The popularity of podcasts is continuing to rise. In 2021, approximately 57% of Americans listened to a podcast, up from 55% in 2020. Businesses are taking advantage of this growing trend by making their own podcasts. If you want your brand to stay competitive in this evolving marketplace, you need a great podcast team.
There are many different applications for companies publishing podcasts — thought leadership, engaging customers, generating sales, discussing important topics, or giving bulletins to name a few. They’re popular, relatively easy to make, and make for great communication with employees as well as future or current customers.
A particular benefit of podcasts is that they can be made at a low cost, giving a high return on investment. Despite this, there are challenges to making successful content and using your podcast to boost business growth.
To start with, you need to build a great podcast team. This guide will show you how.
Building Your Team
If you’ve made sure you have the right tools to be a podcaster and you feel ready to commit, you need to build an efficient streamlined team. Once you have this team, you can start to think about how to impact growth.
So what’s the recipe for a great podcasting team? Here’s what you need:
- A manager
- An outreach and guest manager
- A host
- Writers and editors
- An audio engineer
- Graphic designer
Okay, yes it is a long list but don’t be disheartened. At the very beginning, many podcasts often start with one or two members performing all the roles above (for instance, your host might also be a great graphic designer). It’s worth looking for individuals who have skills to cover multiple areas.
A team with no manager is like a ship with no captain — there’s no direction or guidance. You’re looking for someone who can oversee the whole operation. They need to be driven, focused, and dedicated to the creation of high-quality content. This also means keeping staff up-to-date on new ideas and maintaining their focus on production.
Podcasts can be made from anywhere. Since the pandemic, many managers now have experience in remote team management. Applying these skills means your podcast team can include members from around the globe.
If you have a release schedule (which you should), managers need to be able to work to the deadline to make sure listeners aren’t disappointed. Around 40% of podcasters record an episode every eight to fourteen days for release. And 36% of podcasters record an episode every three to seven days.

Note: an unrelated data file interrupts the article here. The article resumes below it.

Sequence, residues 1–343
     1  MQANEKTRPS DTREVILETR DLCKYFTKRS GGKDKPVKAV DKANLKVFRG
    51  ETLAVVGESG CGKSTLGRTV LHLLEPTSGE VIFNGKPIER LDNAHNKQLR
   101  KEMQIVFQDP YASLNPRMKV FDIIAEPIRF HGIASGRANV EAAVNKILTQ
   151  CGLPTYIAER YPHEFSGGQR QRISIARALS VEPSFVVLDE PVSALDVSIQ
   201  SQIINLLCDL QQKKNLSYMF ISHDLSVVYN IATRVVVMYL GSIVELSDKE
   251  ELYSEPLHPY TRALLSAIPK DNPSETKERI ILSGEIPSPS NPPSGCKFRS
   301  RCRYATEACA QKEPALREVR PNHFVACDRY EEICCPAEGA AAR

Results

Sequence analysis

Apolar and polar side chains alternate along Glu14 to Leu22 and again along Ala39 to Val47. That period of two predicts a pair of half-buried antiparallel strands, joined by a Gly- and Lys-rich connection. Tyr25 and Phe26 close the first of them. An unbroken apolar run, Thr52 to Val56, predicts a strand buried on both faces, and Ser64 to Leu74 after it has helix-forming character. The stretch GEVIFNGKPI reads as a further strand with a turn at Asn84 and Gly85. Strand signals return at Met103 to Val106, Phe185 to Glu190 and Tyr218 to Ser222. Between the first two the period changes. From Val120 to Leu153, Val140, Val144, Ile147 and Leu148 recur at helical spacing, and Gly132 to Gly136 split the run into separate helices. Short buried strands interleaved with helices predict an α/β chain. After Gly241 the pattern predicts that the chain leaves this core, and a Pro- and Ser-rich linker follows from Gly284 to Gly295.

Tip: Releasing often is good, but not if it’s at the expense of quality. Make sure your release schedule matches your availability.
Guests add extra depth and interest when it comes to podcasts. But how do you find people to be interviewed?
That’s the role of your outreach manager. In the early stages, this might overlap with your general manager but as the podcast grows, it needs to be its own separate role.
Outreach managers focus on contacting individuals you want to talk to. They need to find guests that have something to say about your current content, who excites listeners, and who hopefully will bring their own audience base too.
The outreach manager can also manage platforms like PodMatch to help find great guests.
You’ll also need a guest manager — though this role can overlap heavily with the outreach manager. Rather than just arranging guests, this manager needs to be aware of who is coming, why they are coming, and what benefits their presence has. Then, the guest manager can use this knowledge to steer the conversation in the right direction and have discussions that benefit your business with them.
You’ve got the behind-the-scenes leadership. Now you need someone to fulfill that role on-air. They need to be personable, interactive, engaging, reflective, insightful – the list goes on. Finding a host can be one of the most challenging parts of creating a great show.
Hosts need to be committed to developing a brilliant podcast, but they also need to be able to converse well with guests and listen to input and ideas from other members of the team.
For a business podcast, you need someone who knows their stuff. Look for individuals who are dedicated, passionate, personable, and driven. These skills should come across in their tone of voice and the way they conduct themselves in a recorded conversation.
Writers and editors
Having a script is very important when it comes to producing a podcast. It gives direction and clarity to the discussions, as well as ensuring a consistent tone of voice.
If you overlap your podcast team with your content team, they can also provide continuity across different platforms. That means matching social media posts and concurrent blogs.
If you really want to expand, it’s worth seeking out writers familiar with SEO, helping your podcast get found and thus, listened to.